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The Bears would need to weigh what workload Fuller could handle vs. roster needs based on only having 46 players active on game day.

“You’re always a little bit cautious because it does affect your roster,” Fox said. “But if you feel like he makes you better, that’s a move you make. Now we’re just working through him medically, durability-wise, and how much he can play.”

Jay Cutler (shoulder) was officially declared out and is headed for surgery on Saturday, ultimately to injured reserve.

Other availability questions include receiver Eddie Royal (toe), guard Josh Sitton (ankle) and safety Adrian Amos (ankle), all questionable. Linebacker Willie Young (knee) did not practice but linebacker Leonard Floyd was able to practice on a limited basis although his status in the concussion protocol will not be known until closer to game time.

Focus on personnel issues in Bears-49ers matchup of NFL losers

Focus on personnel issues in Bears-49ers matchup of NFL losers

Once upon an NFL time a Bears-49ers game held some consequence, sometimes great import. Even last season the San Francisco game was the Bears’ chance to reach .500 in John Fox’s first year (it didn’t happen, with the Bears defense allowing a long Blaine Gabbert TD run and Robbie Gould missing a 36-yard field goal for the win, all in the last 1:42 of a game the Bears had dominated statistically).

Now the game becomes another in a string of ones in which the opponent and even the outcome matter less than some specific personnel issues for a team trying to avoid losing four straight games for the first time under Fox.

Several of those personnel questions warrant watching because of the positions involved:

Matt Barkley, quarterback   

The Barkley Era unofficially began last Sunday against the Tennessee Titans when the former USC quarterback got his first NFL start and nearly became the third Bears quarterback to win a game in an otherwise dismal season. That did happen once, in 2007 when Brian Griese, Rex Grossman and Kyle Orton also had W’s as starters.

Well, if not an actual “era,” at least the Barkley window opened, and will be open for the foreseeable 2016 future.

Barkley playing his way into a starting job in 2017 is not a front-burner thought — yet — although Kurt Warner once played his way from stocking supermarket shelves into Hall of Fame consideration.

Going against one of the only two teams with fewer wins than the Bears, Barkley’s chances are ostensibly better than they were facing the Titans, if only for “just being comfortable,” said Fox.

“Our opponent, Colin Kaepernick has been in for X amount of time. And like anything, the more you do it, the better you get. Hopefully. Just getting him more reps. More reps with the 1’s. I think there’s a drastic difference between him coming in as the back-up in Green Bay versus him being the starter last week against Tennessee. So hopefully he improves from his first start to his second start. That’s the plan and that’s what we’re working off.”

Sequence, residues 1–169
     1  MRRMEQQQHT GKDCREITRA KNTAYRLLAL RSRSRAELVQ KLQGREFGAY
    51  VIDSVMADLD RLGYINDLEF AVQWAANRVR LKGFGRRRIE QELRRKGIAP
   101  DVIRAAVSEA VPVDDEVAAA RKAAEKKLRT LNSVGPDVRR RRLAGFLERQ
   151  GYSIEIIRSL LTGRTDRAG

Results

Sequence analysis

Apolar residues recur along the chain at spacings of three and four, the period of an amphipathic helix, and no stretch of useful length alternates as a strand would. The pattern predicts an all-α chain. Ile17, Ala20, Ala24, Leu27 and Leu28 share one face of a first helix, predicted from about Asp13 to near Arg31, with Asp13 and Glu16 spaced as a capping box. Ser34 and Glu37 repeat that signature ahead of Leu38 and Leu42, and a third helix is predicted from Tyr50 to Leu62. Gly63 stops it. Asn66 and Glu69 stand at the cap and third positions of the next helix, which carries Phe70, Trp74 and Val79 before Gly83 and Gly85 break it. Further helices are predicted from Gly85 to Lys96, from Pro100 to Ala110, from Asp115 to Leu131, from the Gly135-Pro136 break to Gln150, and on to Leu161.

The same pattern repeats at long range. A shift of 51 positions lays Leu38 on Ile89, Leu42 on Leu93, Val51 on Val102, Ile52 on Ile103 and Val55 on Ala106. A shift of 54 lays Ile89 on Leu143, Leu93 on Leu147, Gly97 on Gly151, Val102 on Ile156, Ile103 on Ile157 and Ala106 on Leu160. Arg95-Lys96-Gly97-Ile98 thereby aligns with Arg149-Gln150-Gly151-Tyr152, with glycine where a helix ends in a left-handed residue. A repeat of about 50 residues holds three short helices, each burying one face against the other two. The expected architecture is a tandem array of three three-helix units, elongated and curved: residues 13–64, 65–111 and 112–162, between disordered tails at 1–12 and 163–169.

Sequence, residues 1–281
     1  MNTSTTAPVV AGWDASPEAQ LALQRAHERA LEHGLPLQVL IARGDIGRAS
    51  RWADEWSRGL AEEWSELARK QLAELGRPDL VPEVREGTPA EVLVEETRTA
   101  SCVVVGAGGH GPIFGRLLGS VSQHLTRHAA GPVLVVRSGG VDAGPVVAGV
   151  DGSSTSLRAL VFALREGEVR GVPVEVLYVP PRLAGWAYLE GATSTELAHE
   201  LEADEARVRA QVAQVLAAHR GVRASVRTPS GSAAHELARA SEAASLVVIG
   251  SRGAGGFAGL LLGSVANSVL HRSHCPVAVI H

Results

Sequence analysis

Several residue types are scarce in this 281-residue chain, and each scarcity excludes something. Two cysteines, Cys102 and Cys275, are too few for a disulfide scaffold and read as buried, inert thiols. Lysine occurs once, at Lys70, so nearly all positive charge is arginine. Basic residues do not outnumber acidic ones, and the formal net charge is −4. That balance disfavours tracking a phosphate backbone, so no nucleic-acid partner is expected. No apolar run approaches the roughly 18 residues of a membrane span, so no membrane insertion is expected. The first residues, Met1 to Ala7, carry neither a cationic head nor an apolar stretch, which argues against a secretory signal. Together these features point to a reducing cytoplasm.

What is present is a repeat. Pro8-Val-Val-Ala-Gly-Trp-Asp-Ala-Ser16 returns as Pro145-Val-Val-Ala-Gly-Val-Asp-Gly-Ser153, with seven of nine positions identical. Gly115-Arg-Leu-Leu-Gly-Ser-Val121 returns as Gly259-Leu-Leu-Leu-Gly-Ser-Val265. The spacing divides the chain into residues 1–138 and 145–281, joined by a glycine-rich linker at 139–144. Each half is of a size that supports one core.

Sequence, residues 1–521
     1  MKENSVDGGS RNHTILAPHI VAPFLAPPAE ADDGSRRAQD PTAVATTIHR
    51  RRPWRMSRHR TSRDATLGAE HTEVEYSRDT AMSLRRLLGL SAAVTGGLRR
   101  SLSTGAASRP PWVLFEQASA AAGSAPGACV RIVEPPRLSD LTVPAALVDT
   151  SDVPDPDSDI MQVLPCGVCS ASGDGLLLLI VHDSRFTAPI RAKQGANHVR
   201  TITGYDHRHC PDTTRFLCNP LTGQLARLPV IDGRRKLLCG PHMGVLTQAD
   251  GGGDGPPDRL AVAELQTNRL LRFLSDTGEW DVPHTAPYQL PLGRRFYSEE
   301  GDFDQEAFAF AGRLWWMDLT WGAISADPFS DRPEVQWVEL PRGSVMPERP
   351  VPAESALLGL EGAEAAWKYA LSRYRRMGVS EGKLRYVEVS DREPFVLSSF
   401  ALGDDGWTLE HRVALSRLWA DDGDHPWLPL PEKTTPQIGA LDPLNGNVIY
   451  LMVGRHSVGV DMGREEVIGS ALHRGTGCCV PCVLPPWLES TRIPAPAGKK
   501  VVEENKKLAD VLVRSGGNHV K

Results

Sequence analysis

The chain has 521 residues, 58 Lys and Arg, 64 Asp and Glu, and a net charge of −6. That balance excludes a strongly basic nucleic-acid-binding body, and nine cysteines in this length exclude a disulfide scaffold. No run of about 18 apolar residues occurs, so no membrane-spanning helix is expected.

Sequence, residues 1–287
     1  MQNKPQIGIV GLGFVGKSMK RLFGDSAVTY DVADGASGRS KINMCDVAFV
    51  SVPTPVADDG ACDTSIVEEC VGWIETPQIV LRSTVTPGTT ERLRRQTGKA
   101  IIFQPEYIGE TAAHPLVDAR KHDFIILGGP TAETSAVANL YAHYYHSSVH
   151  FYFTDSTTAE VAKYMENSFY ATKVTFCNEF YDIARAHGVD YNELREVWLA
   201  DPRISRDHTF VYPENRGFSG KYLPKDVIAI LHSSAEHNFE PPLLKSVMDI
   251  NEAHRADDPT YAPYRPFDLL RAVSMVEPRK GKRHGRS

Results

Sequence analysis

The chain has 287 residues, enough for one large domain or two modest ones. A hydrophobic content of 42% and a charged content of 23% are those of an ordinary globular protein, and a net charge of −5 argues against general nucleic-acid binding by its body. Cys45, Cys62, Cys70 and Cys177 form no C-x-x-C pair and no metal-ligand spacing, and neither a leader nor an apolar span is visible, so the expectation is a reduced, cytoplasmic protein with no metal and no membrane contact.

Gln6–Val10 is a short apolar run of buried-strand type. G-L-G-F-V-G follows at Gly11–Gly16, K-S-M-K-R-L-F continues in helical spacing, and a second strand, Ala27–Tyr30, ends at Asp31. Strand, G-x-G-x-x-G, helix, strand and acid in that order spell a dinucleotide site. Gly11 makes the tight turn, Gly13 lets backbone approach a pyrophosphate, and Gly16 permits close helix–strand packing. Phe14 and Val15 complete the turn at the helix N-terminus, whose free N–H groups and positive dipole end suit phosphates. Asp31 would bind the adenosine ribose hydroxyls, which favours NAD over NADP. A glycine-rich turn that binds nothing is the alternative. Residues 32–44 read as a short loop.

Quarterback is always a point of supreme interest and Barkley is playing for a shot somewhere in 2017. And the Bears want to know if some of the positives in the Tennessee game were real.

“With Matt, the biggest challenge was he wasn’t here in OTAs and training camp, so you don’t know him,” said offensive coordinator Dowell Loggains. “He was out there running scout team, running ‘cards,’ so you know what kind of talent he has, but he never had gotten a two-minute — that was his first two-minute drill with the first group in a game situation.”

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Daniel Braverman, wide receiver

Braverman was a seventh-round draft choice who flashed in training camp but faded in games. He was elevated from the practice squad and is projected into a slot role with Eddie Royal injured again and the future unclear at that No. 3 wideout spot.

“There are not a lot of great slot receivers out there in the game,” Loggains said. “You’ve got to be able to move the chains, and you’ve got to be able to convert third downs and do those things and score in the red area. You have to understand coverages and leverages to be able to do that stuff. Those are the things that Braverman, coming into the NFL, his biggest challenge is.”

Daniel Brown, tight end

The season-ending foot injury to Zach Miller created another vacuum at a position the Bears have struggled to fill long-term: trading away the likes of Martellus Bennett, Greg Olsen and even Mike Ditka. Brown caught his first career TD pass in the Tennessee game. With Miller’s injury history and age (32), the Bears have a need at the position.

“We thought obviously he’s a guy that has a skill set probably closet to Zach at this point to plug in and play,” Loggains said. “But he did a nice job, helped up on third down, helped us in the red area. Just his ability to catch the football, he’s played receiver before and he’s more of a pass-catching tight end.”

Kyle Fuller, cornerback

Fuller, who led the Bears with two interceptions last year, has been a starter at a position that is a defensive priority. He is coming back from August knee surgery and into a secondary that is takeaway challenged. His goals are basic at this point.

“Just getting back on the field and just performing,” Fuller said.